Defense Date


Document Type


Degree Name

Master of Science



First Advisor

Rima Franklin

Second Advisor

Scott Neubauer


Tidal freshwater wetlands (TFW) are at significant risk of loss or alteration due to global climate change, and saltwater intrusion from sea level rise is of particular concern for these habitats due to their proximity to coastal areas. A space-for-time model was used to investigate the effects of saltwater intrusion on soil methanogen communities along naturally occurring salinity gradients on the Waccamaw, James, and Hudson Rivers. Amplification of the methyl coenzyme-M reductase (mcrA) functional gene was used in qPCR, reverse transcription qPCR, and T-RFLP to measure the abundance, activity, and community composition of soil methanogens. Both the abundance and activity of methanogens decreased with increasing salinity, and the both total and active methanogen community composition shifted in response to changes in salinity. This research demonstrates that saltwater intrusion will alter carbon cycling in TFWs, potentially altering their ability to sequester carbon and keep pace with rising sea level.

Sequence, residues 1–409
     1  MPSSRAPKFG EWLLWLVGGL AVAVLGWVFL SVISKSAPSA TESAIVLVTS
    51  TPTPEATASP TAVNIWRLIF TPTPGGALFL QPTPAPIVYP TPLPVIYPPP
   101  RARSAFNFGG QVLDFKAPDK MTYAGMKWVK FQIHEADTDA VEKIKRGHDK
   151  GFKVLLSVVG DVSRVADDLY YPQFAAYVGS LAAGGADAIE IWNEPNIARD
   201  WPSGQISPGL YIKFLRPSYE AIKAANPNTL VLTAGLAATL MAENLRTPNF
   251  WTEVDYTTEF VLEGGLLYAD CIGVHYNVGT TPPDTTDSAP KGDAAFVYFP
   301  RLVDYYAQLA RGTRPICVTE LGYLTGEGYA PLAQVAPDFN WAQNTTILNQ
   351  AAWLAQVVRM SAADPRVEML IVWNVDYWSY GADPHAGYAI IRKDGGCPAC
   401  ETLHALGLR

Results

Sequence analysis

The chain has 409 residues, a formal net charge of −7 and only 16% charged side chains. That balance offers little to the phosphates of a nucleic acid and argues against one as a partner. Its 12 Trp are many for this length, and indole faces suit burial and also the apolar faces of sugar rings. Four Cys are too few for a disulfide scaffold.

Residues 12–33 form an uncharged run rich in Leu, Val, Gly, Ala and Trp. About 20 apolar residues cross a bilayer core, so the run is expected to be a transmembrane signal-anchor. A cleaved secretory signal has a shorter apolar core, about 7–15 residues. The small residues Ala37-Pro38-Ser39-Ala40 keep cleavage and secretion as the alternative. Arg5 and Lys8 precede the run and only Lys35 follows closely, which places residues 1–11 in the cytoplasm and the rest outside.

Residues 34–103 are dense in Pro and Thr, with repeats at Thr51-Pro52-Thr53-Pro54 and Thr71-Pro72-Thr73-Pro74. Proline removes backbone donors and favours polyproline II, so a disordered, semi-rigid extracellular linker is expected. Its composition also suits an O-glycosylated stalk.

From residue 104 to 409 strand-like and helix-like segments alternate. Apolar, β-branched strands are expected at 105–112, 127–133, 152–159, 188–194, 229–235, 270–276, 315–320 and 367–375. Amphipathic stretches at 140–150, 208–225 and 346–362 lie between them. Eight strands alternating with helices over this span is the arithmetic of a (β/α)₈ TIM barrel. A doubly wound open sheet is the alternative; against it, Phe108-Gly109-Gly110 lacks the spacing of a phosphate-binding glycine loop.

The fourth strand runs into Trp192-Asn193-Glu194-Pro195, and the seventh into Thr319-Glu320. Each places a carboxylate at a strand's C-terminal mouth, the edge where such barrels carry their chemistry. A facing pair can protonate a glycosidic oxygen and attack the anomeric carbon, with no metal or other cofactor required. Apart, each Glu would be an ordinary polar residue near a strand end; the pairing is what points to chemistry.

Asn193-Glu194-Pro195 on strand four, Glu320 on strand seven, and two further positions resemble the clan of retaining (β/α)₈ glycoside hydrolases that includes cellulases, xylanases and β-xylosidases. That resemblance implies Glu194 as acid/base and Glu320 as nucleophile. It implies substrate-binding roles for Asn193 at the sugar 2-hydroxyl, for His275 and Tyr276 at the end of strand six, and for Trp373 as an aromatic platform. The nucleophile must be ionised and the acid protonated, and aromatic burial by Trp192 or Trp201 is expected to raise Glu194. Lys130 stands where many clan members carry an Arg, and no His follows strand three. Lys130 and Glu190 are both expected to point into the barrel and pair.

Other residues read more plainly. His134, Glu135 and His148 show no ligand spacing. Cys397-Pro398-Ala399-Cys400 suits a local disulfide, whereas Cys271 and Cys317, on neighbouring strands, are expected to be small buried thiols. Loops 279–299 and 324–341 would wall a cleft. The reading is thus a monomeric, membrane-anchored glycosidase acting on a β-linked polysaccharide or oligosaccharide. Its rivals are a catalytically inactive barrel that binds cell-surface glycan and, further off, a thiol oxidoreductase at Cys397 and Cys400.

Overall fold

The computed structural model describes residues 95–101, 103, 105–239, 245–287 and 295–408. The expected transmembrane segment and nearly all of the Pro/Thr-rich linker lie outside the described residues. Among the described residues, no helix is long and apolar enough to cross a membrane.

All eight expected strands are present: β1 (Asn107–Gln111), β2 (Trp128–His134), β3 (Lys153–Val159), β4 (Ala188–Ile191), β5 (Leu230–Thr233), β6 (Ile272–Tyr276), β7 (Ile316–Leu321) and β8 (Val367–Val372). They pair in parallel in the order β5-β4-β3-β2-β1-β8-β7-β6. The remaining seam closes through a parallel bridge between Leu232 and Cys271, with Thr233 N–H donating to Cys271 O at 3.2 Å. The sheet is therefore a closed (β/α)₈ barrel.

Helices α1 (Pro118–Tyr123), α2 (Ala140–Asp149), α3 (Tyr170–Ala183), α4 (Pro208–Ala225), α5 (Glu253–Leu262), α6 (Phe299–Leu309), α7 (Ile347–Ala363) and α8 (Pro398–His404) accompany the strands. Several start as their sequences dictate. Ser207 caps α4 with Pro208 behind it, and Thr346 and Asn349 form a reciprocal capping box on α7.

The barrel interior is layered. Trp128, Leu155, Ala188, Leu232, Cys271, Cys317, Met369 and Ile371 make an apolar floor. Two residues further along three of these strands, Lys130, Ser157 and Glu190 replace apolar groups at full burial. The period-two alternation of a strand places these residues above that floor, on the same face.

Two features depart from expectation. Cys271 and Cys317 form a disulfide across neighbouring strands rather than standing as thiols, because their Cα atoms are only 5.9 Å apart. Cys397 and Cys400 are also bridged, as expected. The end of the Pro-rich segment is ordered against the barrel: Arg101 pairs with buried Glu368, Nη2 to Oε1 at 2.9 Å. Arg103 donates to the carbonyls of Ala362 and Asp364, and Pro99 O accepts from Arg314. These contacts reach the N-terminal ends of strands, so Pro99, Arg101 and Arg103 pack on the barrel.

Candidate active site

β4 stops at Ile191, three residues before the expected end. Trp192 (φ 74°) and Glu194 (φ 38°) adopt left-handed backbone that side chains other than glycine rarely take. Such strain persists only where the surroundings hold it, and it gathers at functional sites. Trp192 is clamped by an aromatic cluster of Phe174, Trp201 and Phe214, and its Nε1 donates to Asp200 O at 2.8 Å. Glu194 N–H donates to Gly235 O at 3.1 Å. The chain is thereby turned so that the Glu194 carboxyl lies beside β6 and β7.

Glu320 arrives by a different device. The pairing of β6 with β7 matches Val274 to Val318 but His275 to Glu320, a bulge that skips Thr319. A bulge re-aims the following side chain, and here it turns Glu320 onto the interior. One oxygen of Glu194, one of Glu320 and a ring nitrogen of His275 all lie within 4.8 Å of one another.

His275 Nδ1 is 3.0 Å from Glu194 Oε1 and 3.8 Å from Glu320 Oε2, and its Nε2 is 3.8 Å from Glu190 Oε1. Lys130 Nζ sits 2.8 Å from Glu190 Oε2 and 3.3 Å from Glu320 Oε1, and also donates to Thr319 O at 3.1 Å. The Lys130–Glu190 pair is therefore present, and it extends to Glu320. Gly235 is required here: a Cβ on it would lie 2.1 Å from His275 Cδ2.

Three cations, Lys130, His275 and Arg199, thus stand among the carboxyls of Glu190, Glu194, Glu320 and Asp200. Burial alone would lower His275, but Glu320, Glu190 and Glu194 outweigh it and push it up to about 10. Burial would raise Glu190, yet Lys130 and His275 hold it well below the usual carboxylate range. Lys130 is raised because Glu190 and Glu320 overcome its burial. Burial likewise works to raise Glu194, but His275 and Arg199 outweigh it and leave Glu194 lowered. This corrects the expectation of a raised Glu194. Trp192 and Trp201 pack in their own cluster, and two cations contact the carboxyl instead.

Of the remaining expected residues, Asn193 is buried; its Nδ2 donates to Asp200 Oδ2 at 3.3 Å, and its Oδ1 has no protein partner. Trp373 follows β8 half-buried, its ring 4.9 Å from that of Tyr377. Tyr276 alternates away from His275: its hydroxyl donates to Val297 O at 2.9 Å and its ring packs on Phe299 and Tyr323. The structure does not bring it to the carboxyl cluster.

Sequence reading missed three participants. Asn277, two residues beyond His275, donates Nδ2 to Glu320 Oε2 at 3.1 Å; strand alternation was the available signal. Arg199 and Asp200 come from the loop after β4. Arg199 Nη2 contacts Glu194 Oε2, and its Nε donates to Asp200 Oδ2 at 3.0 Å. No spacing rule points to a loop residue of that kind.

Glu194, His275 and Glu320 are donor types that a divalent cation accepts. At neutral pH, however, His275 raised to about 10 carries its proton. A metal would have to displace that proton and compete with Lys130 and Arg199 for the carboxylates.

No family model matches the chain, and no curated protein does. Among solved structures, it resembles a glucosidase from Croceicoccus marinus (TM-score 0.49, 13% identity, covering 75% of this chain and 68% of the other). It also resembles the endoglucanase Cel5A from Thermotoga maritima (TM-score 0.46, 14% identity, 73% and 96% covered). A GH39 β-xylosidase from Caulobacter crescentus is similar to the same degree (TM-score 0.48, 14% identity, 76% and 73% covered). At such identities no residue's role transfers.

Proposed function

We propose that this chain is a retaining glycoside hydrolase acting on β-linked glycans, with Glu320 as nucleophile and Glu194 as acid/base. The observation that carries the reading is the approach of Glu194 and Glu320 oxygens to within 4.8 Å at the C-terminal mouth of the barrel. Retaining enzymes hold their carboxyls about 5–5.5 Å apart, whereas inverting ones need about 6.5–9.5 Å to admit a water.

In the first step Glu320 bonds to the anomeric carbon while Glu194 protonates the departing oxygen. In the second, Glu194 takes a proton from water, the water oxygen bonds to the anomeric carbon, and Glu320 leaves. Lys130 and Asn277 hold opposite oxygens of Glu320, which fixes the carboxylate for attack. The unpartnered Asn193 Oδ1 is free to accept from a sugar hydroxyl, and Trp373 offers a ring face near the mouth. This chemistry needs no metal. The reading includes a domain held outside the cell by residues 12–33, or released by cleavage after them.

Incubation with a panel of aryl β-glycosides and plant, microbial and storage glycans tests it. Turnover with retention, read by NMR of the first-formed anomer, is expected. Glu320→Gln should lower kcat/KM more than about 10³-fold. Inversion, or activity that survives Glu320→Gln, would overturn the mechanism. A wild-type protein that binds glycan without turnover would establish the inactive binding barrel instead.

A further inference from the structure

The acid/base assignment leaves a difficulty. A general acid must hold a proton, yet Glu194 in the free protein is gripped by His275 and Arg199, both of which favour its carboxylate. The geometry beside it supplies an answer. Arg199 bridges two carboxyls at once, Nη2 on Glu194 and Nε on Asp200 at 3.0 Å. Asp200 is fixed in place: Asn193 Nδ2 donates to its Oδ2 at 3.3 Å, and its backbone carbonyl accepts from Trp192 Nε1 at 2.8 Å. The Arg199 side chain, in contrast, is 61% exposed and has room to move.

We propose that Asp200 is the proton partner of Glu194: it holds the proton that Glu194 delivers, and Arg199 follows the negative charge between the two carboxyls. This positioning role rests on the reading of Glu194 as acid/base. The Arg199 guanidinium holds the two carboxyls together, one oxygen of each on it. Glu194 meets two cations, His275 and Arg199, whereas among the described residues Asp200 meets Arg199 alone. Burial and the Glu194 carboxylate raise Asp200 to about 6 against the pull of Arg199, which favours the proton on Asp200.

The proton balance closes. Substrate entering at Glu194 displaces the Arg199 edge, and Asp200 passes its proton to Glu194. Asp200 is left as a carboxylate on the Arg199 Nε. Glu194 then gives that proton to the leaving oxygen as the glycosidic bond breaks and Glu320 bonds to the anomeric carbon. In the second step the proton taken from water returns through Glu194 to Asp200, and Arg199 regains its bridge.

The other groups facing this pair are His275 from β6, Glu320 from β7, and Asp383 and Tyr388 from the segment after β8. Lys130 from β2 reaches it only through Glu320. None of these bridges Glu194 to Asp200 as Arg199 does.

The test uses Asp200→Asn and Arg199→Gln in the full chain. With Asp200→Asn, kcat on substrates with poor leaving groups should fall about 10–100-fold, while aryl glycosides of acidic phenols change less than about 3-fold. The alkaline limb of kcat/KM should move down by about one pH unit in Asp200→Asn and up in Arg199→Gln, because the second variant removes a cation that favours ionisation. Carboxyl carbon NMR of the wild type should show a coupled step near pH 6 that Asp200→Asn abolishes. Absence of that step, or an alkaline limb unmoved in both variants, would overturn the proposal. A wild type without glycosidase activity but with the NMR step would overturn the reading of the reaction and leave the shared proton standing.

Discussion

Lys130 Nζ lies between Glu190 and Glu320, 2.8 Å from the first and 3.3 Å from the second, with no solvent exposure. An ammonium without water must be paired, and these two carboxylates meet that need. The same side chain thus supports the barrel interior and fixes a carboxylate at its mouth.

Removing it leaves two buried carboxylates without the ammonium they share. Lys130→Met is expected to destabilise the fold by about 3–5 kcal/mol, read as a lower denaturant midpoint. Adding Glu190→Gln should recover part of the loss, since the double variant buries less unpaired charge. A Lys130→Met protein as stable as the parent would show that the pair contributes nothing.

© The Author

Is Part Of

VCU University Archives

Is Part Of

VCU Theses and Dissertations

Date of Submission

August 2013

Included in

Biology Commons